Bin Salman called Iran’s Khamenei “the new Hitler of the Middle East” in an interview with the New York Times, sharply escalating the war of words between the two rival countries.
Saudi Arabia’s powerful Crown Prince called the Supreme Leader of Iran “the new Hitler of the Middle East” in an interview with the New York Times published on Thursday, sharply escalating the war of words between the arch-rivals.
The Sunni Muslim kingdom of Saudi Arabia and the Shi’ite theocracy Iran back rival sides in wars and political crises throughout the region.
Mohammed bin Salman, who is also Saudi defense minister in the U.S.-allied oil giant kingdom, suggested the Islamic Republic’s alleged expansion under Ayatollah Ali Khamenei needed to be confronted.
“But we learned from Europe that appeasement doesn’t work. We don’t want the new Hitler in Iran to repeat what happened in Europe in the Middle East,” the paper quoted him as saying.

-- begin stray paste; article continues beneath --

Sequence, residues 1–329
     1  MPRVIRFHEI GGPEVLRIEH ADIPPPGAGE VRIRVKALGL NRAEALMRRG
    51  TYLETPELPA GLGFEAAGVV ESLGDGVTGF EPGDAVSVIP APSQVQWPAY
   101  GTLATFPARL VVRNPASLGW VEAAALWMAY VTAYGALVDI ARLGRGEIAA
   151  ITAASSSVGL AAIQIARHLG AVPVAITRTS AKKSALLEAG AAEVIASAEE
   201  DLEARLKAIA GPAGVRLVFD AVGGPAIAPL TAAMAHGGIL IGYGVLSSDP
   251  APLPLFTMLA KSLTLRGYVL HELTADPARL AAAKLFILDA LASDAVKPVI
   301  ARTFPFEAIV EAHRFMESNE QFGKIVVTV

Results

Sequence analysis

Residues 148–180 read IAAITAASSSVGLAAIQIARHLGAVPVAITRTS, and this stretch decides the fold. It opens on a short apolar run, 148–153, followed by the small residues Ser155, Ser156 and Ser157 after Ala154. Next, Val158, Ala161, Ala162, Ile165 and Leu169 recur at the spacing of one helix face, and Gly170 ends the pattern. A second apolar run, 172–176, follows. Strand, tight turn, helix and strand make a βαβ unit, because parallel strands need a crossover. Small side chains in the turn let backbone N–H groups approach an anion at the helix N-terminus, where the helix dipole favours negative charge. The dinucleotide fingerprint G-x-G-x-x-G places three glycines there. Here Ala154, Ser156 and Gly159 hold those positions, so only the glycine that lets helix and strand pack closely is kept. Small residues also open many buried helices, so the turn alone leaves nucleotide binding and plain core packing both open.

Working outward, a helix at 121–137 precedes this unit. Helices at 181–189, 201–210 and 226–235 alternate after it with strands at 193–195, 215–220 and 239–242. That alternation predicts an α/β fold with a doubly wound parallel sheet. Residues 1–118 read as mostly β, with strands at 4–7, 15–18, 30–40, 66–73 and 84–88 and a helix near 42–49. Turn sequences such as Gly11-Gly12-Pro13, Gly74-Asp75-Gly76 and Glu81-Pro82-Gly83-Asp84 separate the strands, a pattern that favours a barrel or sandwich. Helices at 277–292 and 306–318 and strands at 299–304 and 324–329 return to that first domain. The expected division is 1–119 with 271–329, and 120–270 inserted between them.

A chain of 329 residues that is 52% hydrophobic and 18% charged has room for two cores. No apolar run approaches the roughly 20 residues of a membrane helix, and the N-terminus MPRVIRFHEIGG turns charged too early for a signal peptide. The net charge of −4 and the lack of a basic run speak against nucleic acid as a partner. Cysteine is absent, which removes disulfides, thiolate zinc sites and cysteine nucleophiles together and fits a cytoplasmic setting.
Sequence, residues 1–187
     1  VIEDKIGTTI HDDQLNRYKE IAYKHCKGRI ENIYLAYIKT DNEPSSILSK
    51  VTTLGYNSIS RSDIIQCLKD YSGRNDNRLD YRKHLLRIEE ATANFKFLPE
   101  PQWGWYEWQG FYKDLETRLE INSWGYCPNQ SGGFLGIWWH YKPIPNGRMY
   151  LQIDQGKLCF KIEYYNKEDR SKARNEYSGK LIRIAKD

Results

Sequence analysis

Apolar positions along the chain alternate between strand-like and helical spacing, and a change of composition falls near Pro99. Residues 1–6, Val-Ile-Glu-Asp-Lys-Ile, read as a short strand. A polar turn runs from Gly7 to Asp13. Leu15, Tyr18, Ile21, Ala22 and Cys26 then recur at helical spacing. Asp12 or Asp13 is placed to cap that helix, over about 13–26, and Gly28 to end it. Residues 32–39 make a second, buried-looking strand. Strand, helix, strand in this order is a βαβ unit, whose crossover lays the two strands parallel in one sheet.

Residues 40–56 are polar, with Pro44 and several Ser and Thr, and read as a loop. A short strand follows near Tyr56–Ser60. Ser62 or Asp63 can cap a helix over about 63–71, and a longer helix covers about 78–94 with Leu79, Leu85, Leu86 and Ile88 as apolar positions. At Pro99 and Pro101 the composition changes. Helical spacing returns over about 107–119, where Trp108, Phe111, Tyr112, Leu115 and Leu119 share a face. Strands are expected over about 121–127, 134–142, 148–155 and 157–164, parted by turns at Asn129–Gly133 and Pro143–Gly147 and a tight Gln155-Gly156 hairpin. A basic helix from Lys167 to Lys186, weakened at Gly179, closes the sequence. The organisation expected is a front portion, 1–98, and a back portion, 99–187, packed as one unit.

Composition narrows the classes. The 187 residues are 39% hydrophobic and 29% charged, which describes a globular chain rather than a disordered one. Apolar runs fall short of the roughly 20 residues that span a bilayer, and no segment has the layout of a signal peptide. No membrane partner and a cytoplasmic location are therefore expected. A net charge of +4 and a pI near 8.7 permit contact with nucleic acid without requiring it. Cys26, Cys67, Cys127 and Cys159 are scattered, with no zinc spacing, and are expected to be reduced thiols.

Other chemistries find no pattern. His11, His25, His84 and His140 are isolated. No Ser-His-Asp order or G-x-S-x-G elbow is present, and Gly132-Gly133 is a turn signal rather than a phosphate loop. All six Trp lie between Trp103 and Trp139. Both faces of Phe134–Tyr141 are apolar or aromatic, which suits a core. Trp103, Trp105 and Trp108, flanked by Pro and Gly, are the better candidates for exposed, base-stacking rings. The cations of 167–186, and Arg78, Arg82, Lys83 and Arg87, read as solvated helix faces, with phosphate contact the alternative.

Bin Salman accuses Iran of aggression
The heir to Saudi Arabia’s throne accused Iran of “direct military aggression” which could be an “act of war,” after Saudi air defense forces intercepted a ballistic missile early November fired toward the capital, Riyadh, from across the border in Yemen.
Yemen has been embroiled in a civil war since 2015 between a Saudi-led military coalition in support of the Yemeni government, and Houthi rebels believed to be funded by Iran.
“The involvement of Iran in supplying missiles to the Houthis is a direct military aggression by the Iranian regime,” the Saudi news agency SPA reported Crown Prince Mohammed Bin Salman as saying, “and may be considered an act of war against the Kingdom.” The language closely matched a statement earlier given by the Saudi-led coalition.